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English Wikipedia has an article on:
an elbow


From Middle English elbowe, from Old English elboga, elnboga (elbow), from Proto-Germanic *alinabugô (elbow), equivalent to ell +‎ bow. Cognate with Scots elbuck (elbow), Saterland Frisian Älbooge (elbow), Dutch elleboog (elbow), Low German Ellebage (elbow), German Ellbogen, Ellenbogen (elbow), Danish albue (elbow), Icelandic olbogi, olnbogi (elbow).


  • (UK) IPA(key): /ˈɛl.bəʊ/
  • (US) IPA(key): /ˈɛɫ.boʊ/, /ˈɛl.boʊ/
  • (file)


elbow (plural elbows)

  1. (anatomy) The joint between the upper arm and the forearm.
    • 1627, Michael Drayton, “The Moone-Calfe”, in English Poetry 1579-1830: Spenser and the Tradition[1]:
      Up to the elbowes naked were there Armes.
    • 1907, Robert W. Chambers, chapter VIII, in The Younger Set[2]:
      Elbows almost touching they leaned at ease, idly reading the almost obliterated lines engraved there. ¶ "I never understood it," she observed, lightly scornful. "What occult meaning has a sun-dial for the spooney? I'm sure I don't want to read riddles in a strange gentleman's optics."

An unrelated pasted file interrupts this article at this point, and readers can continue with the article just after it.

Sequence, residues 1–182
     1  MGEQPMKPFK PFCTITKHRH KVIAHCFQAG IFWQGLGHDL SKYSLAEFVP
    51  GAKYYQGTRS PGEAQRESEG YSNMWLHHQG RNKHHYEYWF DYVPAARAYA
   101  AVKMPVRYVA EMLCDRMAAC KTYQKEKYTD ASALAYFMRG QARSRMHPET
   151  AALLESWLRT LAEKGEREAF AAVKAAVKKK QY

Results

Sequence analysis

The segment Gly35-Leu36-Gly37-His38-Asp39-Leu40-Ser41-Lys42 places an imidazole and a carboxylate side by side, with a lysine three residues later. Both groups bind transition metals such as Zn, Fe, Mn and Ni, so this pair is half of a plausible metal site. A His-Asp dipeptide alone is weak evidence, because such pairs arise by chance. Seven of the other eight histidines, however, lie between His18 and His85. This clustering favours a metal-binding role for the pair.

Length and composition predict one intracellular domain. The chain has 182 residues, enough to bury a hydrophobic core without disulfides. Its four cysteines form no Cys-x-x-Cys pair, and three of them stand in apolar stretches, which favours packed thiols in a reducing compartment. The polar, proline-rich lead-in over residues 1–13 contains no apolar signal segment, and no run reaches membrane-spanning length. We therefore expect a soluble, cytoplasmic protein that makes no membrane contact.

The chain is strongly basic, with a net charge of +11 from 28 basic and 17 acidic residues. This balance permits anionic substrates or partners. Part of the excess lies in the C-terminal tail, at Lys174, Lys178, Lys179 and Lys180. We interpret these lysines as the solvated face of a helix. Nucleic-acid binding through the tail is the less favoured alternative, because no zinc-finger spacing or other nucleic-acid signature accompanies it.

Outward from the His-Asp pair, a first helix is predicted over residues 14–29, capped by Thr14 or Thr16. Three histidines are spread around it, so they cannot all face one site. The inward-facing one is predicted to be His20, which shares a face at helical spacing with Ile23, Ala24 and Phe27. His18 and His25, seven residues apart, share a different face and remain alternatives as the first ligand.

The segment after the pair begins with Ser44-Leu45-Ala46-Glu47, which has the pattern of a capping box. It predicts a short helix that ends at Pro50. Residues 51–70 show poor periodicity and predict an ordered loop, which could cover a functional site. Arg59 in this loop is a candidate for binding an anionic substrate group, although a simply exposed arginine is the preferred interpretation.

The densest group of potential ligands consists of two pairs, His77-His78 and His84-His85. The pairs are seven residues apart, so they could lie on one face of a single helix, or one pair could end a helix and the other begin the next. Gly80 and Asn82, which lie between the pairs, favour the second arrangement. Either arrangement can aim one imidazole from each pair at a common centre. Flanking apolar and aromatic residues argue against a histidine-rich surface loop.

2. (by extension) Any turn or bend like that of the elbow, in a wall, building, coastline, etc.; an angular or jointed part of any structure, such as the raised arm of a chair or sofa, or a short pipe fitting, turning at an angle or bent.
    the sides of windows, where the jamb makes an elbow with the window back
  3. (US, dated, early 20th-century slang) A detective.
    • 1924, Dashiell Hammett, Zigzags of Treachery:
      "An elbow, huh?" putting all the contempt he could in his voice; and somehow any synonym for detective seems able to hold a lot of contempt.
  4. (basketball) Part of a basketball court located at the intersection of the free-throw line and the free-throw lane.[1]
  5. A hit with the elbow
    • 2018 June 18, Phil McNulty, “Tunisia 1 - 2 England”, in BBC Sport[3]:
      England ran Tunisia ragged in that spell but were punished for missing a host of chances when Ferjani Sassi equalised from the penalty spot against the run of play after Kyle Walker was penalised for an elbow on Fakhreddine Ben Youssef.

Derived terms[edit]

Terms derived from elbow (noun)



elbow (third-person singular simple present elbows, present participle elbowing, simple past and past participle elbowed)

  1. (transitive) To push with the elbow.
    He elbowed his way through the crowd.
  2. (transitive, by extension) To nudge, jostle or push.
    • 1993, Dana Stabenow, A Fatal Thaw, →ISBN, page 105:
      Suddenly and with all her heart Kate longed to be home, back at the homestead, to participate in the rambunctious toss and jostle as breakup elbowed its way into the Park.

Derived terms[edit]


See also[edit]


  1. ^ Newell, Pete; Nater, Swen (2008). Pete Newell's Playing Big. Human Kinetics. p.26: ISBN 9780736068093. Retrieved April 11, 2013.


Middle English[edit]



  1. Alternative form of elbowe